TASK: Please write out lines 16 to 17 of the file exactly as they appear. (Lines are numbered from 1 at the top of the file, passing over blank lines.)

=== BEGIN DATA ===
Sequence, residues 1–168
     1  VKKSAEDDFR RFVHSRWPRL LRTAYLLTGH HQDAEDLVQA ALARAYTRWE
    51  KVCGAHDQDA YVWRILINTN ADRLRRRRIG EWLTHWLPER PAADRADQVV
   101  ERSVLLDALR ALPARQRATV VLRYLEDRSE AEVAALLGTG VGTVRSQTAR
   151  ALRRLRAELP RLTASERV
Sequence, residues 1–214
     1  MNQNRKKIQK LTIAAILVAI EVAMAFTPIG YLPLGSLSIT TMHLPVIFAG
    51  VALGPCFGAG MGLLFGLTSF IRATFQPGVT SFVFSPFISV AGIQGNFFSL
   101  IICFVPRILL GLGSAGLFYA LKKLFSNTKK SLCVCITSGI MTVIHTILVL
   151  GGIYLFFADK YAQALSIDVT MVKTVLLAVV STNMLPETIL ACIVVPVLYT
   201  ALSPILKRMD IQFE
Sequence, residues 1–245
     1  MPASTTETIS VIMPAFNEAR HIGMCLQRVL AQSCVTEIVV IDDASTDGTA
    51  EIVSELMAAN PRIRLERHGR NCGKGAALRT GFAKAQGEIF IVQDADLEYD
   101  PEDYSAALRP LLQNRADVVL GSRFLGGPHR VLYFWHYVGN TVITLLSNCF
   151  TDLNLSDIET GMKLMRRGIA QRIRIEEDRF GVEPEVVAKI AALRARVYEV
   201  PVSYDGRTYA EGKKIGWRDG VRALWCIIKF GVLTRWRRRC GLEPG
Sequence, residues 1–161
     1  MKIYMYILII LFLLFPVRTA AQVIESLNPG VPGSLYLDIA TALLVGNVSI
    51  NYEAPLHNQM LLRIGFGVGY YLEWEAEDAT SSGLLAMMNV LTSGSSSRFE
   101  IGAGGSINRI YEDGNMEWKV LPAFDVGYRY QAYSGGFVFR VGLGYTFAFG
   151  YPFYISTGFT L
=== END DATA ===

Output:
   151  TDLNLSDIET GMKLMRRGIA QRIRIEEDRF GVEPEVVAKI AALRARVYEV
   201  PVSYDGRTYA EGKKIGWRDG VRALWCIIKF GVLTRWRRRC GLEPG